Are Your Beneficiary Designations Up To Date? (part one)

An important part of being a parent is taking care of your child financially.  Saying it is the easy part, the hard part is doing it.   An often overlooked planning error with life insurance is when beneficiary designations are not up-to-date.  A good rule of thumb is to review beneficiary designations on any life insurance policies including group term life (and any other financial assets where beneficiary designations come into play) whenever a major life event occurs such as marriage, divorce, child birth, adoption, etc  – the same events where it’s a good idea to review your life insurance  coverage in general.  It’s always make sense to review your beneficiaries and overall plans every year or two years to make sure they’re still in order and something was missed that would impact your beneficiary designation.

Here’s what to think about when choosing a beneficiary—particularly how to ensure that your policy’s death benefit is distributed the way you want it to be.   A beneficiary is the person you designate to receive the funds in your policy in the event of your death.  You can name both a primary and a contingent beneficiary and, if you wish, multiple primary and contingent beneficiaries. The death benefit goes to the contingent beneficiary in case your primary beneficiary is also deceased upon your death.

How you choose your beneficiary (or beneficiaries) will depend on your situation and on the laws of your state. I’m not an attorney—always check with legal counsel if you want to be sure—but I do know these basics:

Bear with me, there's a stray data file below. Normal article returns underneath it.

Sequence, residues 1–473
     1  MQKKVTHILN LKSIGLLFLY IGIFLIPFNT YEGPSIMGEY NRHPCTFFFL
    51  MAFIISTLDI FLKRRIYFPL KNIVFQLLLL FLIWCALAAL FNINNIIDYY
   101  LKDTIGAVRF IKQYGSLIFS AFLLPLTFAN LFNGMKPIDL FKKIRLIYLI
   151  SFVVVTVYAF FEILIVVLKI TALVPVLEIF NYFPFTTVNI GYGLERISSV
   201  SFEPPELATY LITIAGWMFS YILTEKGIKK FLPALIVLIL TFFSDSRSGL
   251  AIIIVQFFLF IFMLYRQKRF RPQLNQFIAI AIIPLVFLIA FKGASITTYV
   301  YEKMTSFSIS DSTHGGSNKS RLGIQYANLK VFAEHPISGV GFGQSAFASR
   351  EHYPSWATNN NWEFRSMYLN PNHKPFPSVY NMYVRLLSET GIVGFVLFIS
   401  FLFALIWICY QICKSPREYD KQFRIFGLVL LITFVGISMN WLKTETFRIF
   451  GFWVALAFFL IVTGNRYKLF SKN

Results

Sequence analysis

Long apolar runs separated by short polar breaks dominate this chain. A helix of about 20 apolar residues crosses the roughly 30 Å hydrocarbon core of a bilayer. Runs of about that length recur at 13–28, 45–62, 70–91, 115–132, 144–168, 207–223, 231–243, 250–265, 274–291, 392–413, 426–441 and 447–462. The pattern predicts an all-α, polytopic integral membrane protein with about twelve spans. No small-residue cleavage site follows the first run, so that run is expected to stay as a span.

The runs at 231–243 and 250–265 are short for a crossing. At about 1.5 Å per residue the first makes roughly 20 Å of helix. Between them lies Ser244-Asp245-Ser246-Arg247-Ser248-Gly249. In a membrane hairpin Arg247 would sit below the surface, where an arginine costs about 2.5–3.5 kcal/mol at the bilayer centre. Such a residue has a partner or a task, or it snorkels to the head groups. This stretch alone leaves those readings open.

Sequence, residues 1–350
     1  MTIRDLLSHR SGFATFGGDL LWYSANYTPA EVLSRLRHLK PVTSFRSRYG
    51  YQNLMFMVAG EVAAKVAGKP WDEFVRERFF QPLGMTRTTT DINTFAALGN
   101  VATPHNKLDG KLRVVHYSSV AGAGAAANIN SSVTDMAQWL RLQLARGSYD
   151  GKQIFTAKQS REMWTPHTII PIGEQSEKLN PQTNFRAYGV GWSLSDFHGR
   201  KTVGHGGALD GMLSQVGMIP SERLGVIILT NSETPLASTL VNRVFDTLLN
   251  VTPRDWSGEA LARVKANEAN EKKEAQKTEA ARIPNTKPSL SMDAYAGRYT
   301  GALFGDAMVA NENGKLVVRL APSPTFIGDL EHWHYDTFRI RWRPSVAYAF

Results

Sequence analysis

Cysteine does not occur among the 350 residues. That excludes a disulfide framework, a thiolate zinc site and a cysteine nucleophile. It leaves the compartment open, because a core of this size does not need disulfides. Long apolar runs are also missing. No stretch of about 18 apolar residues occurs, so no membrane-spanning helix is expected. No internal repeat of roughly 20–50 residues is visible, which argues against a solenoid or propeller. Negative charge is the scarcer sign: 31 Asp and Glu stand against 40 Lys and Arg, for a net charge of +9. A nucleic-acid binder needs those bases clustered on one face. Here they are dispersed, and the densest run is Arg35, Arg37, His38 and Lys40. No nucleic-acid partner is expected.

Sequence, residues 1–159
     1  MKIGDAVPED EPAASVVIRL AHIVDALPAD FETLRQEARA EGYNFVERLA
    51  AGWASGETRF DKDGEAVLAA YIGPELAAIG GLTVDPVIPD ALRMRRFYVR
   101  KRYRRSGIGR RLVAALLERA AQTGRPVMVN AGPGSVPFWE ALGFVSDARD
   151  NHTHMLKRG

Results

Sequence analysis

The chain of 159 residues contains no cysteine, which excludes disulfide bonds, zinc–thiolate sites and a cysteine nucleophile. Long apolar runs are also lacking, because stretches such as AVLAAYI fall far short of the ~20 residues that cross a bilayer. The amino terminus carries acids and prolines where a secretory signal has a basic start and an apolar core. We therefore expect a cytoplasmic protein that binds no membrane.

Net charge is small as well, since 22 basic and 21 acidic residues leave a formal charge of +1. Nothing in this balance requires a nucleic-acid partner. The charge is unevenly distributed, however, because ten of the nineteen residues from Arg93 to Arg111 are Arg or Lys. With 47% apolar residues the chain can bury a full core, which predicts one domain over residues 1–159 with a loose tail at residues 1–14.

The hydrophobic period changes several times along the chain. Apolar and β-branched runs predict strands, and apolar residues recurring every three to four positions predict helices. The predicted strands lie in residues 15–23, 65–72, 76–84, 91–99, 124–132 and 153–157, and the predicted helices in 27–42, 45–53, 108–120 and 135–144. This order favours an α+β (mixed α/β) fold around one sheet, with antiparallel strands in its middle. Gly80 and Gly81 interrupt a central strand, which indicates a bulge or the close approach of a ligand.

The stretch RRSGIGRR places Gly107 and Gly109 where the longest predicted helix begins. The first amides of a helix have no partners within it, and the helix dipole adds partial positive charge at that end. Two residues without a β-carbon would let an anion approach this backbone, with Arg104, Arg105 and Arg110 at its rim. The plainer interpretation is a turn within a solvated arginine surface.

* Life insurance proceeds typically avoid probate and are distributed straight to your beneficiary.

* Life insurance proceeds are usually not subject to income tax.

Proceeds may be subject to the federal estate tax, if it’s in effect at the time of your passing and if your estate is substantial enough to be affected by it. It is advisable to work with an estate planning attorney and have a will drawn up—and a trust if the attorney determines it might cushion the financial blow of an estate tax (In my opinion, only an attorney who specializes in this subject should handle estate planning. Beware of living trust seminars and non-legal professionals who peddle living trusts.)

When you do meet with the estate-planning attorney, you should discuss your life insurance. If you already have drawn up a will or a trust, you should call your attorney prior to applying for insurance. If you do not have either document, you can change the owner and beneficiary of your life insurance policy at any time.

(Part Two Next Week!)

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